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The Age of Innocence

Chapter 30
That evening when Archer came down before dinner he found the drawing-room
empty.
He and May were dining alone, all the family engagements having been
postponed since Mrs. Manson Mingott's illness; and as May was the more
punctual of the two he was surprised that she had not preceded him. He knew
that she was at home, for while he dressed he had heard her moving about in her
room; and he wondered what had delayed her.
He had fallen into the way of dwelling on such conjectures as a means of tying
his thoughts fast to reality. Sometimes he felt as if he had found the clue to his
father-in-law's absorption in trifles; perhaps even Mr. Welland, long ago, had had
escapes and visions, and had conjured up all the hosts of domesticity to defend
himself against them.
When May appeared he thought she looked tired. She had put on the low-necked
and tightly-laced dinner- dress which the Mingott ceremonial exacted on the most
informal occasions, and had built her fair hair into its usual accumulated coils;
and her face, in contrast, was wan and almost faded. But she shone on him with
her usual tenderness, and her eyes had kept the blue dazzle of the day before.
"What became of you, dear?" she asked. "I was waiting at Granny's, and Ellen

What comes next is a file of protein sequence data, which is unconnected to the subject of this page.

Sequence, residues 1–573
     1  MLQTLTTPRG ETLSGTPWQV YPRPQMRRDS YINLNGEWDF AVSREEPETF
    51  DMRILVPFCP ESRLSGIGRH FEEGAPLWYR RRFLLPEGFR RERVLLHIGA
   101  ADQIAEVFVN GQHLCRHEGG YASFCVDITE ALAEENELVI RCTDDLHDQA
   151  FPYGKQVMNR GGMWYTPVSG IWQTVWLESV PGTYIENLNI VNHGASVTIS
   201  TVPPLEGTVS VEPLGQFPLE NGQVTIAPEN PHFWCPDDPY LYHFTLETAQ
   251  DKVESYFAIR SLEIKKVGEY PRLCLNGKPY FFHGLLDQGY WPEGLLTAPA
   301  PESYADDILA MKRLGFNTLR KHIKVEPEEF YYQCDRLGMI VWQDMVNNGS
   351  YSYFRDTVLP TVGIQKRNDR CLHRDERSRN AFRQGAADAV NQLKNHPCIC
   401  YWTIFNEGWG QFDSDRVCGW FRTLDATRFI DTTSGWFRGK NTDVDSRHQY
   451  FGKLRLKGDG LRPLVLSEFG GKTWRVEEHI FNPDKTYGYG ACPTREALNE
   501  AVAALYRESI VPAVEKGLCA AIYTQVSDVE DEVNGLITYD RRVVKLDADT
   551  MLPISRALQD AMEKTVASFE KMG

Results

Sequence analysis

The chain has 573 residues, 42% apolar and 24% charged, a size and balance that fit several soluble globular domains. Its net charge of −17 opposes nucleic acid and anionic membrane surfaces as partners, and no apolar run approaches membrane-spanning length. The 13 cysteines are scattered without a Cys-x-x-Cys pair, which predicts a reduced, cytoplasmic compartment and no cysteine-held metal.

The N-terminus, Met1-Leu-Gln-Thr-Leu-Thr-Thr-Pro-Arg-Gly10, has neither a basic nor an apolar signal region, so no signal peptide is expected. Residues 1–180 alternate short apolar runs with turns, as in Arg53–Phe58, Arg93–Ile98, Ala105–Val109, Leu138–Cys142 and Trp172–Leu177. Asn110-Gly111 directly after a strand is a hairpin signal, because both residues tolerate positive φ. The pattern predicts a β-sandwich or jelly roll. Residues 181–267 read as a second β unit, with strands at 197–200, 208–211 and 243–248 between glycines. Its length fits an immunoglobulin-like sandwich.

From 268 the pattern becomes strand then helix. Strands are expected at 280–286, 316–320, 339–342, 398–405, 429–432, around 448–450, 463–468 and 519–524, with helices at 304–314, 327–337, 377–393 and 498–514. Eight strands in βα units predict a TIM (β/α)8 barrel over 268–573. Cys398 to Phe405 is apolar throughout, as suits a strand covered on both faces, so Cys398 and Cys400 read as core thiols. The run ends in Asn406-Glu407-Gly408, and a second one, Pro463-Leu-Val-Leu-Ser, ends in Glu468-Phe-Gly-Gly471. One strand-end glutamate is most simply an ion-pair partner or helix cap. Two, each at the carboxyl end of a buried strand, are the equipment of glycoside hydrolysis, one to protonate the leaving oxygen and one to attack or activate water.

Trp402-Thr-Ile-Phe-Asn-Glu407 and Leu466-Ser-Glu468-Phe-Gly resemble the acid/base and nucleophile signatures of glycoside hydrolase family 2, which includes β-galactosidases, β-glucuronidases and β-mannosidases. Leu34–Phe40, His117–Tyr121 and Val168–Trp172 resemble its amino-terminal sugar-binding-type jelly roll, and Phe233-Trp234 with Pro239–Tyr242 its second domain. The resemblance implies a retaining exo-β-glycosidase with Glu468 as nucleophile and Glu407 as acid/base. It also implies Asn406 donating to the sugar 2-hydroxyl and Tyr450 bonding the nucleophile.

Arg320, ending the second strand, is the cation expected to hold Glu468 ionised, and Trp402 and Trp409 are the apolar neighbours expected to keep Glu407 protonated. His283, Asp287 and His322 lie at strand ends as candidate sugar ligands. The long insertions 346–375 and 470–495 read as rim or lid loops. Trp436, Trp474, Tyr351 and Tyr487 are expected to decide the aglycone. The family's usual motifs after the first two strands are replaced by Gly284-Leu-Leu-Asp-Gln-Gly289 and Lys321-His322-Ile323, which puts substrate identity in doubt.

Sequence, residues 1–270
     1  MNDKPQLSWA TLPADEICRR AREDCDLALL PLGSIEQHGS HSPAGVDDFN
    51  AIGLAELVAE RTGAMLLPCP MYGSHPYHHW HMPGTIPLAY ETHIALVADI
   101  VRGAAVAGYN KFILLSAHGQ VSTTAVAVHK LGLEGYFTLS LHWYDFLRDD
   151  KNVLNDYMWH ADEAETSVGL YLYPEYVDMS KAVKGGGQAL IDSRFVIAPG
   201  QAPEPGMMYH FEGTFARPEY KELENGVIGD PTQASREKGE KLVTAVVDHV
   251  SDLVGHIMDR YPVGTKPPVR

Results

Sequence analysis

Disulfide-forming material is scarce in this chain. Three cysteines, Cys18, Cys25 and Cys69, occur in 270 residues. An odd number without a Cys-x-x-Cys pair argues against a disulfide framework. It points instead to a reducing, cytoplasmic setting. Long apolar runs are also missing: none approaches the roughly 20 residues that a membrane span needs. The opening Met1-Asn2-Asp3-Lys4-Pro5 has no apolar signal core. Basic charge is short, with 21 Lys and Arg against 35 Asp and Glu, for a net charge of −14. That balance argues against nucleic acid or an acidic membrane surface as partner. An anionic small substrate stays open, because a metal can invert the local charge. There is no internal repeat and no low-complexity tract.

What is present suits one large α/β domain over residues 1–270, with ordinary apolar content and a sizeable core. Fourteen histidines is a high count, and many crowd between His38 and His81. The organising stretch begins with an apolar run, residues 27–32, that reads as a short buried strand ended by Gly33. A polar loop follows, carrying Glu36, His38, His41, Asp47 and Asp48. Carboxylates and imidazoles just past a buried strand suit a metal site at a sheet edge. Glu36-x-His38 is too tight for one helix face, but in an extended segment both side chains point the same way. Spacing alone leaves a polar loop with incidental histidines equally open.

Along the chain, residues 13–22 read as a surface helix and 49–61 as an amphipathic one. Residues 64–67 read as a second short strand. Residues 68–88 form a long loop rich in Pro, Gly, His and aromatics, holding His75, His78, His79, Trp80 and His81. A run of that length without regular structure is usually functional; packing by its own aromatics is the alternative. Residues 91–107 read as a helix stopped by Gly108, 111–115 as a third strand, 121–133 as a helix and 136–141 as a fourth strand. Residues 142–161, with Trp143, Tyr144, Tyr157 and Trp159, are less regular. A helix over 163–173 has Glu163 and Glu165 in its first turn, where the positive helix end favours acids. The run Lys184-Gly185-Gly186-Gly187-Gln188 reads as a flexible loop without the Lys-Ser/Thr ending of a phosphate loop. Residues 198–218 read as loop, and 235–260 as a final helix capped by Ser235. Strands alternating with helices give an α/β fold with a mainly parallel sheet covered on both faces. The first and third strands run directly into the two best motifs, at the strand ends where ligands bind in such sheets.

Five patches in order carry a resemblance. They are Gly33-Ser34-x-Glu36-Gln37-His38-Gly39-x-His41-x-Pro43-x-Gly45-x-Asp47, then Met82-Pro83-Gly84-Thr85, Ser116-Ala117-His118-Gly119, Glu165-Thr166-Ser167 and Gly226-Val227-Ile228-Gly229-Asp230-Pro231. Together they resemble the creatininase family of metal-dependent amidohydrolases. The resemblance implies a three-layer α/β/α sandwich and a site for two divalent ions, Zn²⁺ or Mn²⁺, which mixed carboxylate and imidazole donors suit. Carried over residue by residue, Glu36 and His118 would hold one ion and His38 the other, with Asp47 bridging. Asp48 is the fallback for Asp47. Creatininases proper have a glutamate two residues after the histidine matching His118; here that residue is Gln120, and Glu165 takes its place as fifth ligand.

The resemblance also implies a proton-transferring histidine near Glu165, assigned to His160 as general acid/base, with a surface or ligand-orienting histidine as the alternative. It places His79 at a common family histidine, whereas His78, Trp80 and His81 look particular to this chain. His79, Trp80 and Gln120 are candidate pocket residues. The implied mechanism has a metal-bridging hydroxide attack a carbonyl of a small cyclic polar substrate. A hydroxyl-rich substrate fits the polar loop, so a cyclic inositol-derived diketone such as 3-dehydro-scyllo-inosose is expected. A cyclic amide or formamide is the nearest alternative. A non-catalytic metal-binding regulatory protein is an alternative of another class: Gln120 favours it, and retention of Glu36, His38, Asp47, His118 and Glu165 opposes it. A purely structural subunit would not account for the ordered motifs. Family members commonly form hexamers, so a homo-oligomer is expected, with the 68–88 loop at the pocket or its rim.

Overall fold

came alone, and said she had dropped you on the way because you had to rush
off on business. There's nothing wrong?"
"Only some letters I'd forgotten, and wanted to get off before dinner."
"Ah--" she said; and a moment afterward: "I'm sorry you didn't come to Granny's--
unless the letters were urgent."
"They were," he rejoined, surprised at her insistence. "Besides, I don't see why I
should have gone to your grandmother's. I didn't know you were there."
She turned and moved to the looking-glass above the mantel-piece. As she
stood there, lifting her long arm to fasten a puff that had slipped from its place in
her intricate hair, Archer was struck by something languid and inelastic in her
attitude, and wondered if the deadly monotony of their lives had laid its weight on
her also. Then he remembered that, as he had left the house that morning, she
had called over the stairs that she would meet him at her grandmother's so that
they might drive home together. He had called back a cheery "Yes!" and then,
absorbed in other visions, had forgotten his promise. Now he was smitten with
compunction, yet irritated that so trifling an omission should be stored up against
him after nearly two years of marriage. He was weary of living in a perpetual
 
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